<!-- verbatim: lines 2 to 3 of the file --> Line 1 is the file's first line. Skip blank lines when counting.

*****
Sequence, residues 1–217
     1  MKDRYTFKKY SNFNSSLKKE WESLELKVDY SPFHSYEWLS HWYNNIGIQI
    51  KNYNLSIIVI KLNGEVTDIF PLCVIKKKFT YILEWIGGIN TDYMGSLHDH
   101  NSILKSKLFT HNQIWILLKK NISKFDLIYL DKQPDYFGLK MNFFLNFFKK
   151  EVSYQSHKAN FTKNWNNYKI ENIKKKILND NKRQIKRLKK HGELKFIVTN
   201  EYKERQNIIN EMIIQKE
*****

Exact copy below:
     1  MKDRYTFKKY SNFNSSLKKE WESLELKVDY SPFHSYEWLS HWYNNIGIQI
    51  KNYNLSIIVI KLNGEVTDIF PLCVIKKKFT YILEWIGGIN TDYMGSLHDH